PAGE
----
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Muscles - Why It's All Downhill After Thirty!


Jean Shaw© - All Rights reserved
www.whataslimmingworld.com


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I have a teenage son who discovered keeping fit about the same time he discovered girls. I'm not complaining because it means I have quite a collection of fitness equipment at my disposal. The thing is – I hate using most of it.

However, I do like the treadmill and rowing machine so for the last two weeks I've been using them on a fairly regular basis.

I've also been shown some exercises to do using weights. These are supposed to build muscle and firm up all the flabby bits without turning me into a female version of The Incredible Hulk.

It's early days but so far I'm enjoying the workouts and can see the difference even without my glasses. I also feel more alert as the oxygen must be getting to my ever-depleting brain cells.

Looking back over the years I definitely felt at my best during my late twenties and early thirties, and I suspect it had much to do with the fact I regularly played squash. This energetic ball game really gets the heart pumping and the oxygen circulating through the blood. I stopped playing after I had children and any woman reading this will most likely understand why. I miss it though and wish I'd carried on, as I'm certainly no longer "fit".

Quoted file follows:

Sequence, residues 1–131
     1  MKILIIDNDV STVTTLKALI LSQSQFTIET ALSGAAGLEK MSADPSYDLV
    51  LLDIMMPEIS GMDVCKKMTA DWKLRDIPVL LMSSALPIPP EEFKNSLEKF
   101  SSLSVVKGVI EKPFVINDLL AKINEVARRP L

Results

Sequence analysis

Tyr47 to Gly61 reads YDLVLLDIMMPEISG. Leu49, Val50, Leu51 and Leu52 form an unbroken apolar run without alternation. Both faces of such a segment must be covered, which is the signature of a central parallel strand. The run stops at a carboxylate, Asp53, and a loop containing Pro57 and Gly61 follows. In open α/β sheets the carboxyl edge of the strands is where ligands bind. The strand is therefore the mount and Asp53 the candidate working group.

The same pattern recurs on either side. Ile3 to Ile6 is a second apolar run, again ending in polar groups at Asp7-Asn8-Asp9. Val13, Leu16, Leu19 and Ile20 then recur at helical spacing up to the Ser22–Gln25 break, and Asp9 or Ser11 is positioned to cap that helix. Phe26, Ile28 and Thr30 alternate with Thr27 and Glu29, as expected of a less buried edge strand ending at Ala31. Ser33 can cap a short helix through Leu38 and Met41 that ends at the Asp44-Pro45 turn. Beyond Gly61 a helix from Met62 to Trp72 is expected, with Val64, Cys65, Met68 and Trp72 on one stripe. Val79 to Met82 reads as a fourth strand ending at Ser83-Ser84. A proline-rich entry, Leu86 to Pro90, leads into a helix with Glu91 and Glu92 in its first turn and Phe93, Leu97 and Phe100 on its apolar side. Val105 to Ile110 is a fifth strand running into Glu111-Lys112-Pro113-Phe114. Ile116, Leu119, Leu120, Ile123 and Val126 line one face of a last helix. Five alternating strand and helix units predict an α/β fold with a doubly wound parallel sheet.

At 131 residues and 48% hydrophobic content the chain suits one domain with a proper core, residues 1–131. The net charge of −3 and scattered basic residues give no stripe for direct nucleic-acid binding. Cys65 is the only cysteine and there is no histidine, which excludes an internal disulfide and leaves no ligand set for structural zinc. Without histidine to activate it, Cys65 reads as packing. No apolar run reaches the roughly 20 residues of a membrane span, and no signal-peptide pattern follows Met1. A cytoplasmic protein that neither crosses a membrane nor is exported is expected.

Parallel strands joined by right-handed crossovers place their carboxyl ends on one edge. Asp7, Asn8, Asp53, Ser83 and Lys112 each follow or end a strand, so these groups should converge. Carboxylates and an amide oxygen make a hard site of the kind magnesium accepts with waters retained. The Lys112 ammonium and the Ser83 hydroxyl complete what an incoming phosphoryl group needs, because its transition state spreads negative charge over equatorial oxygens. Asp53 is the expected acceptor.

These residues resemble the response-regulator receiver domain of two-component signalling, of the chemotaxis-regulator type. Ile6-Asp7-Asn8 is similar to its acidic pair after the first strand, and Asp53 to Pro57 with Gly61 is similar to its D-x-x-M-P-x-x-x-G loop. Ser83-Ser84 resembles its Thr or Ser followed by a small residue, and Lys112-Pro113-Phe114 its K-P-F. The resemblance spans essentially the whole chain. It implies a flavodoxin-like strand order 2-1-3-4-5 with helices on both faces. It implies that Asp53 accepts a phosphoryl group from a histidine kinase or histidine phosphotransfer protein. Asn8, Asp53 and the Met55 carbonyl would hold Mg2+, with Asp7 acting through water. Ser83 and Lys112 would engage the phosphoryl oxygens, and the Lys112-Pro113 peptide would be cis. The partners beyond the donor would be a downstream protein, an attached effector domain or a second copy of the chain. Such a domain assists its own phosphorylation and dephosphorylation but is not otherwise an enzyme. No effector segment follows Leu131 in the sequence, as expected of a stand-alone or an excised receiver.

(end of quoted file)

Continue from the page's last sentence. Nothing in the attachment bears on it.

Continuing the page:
Your fitness level is determined by the amount of time it takes you to recover after some form of exertion, and currently there's much room for improvement in my case. I'm working on it though – slowly and surely. I'm building up gradually.

It's not surprising I felt good when I was thirty because that is the age when you have the most brain cells, and have built up as much muscle as you will ever get without positive intervention. After that age it's all down hill. You start to lose your brain cells and 1/2lb lean muscle mass every year unless you do something about it.

That's a problem because 1 lb muscle burns 100 calories as compared to the measly 3 burned by the same amount of fat. It's no wonder most people eventually get "middle age spread". No matter how active a person may be, unless he or she builds muscle to replace that being lost, the fat will pile on.

However, it's not easy to stick to an exercise programme especially if you don't actually like doing it. Often people have busy lives and schedule exercise in, so if it's considered a chore it's destined to fail.

In order to build up your fitness and get both quality and quantity from your exercise you have to feel a certain way otherwise you can't push yourself to do just that little bit extra every day. It's important, therefore, to do something which YOU enjoy and not something someone else thinks you ought to do, or will enjoy because they do.

At the moment the treadmill, rowing machine and weights suit me fine, but as I said, it's early days. If I start to find excuses not to use them I shall look for something else to do because I know if I want to fire on all cylinders I need to eat properly, increase my fitness (recovery) level and get plenty of rest and sleep.

For people with sleep problems



Jean Shaw is the author of


I'm Not Naughty, I'm Autistic - Jodi's Journey
Autism, Amalgam and Me - Jodi's Journey Continues
Mercury Poisoning - It's Not In Our Heads Any More - Jodi's Journey Goes On.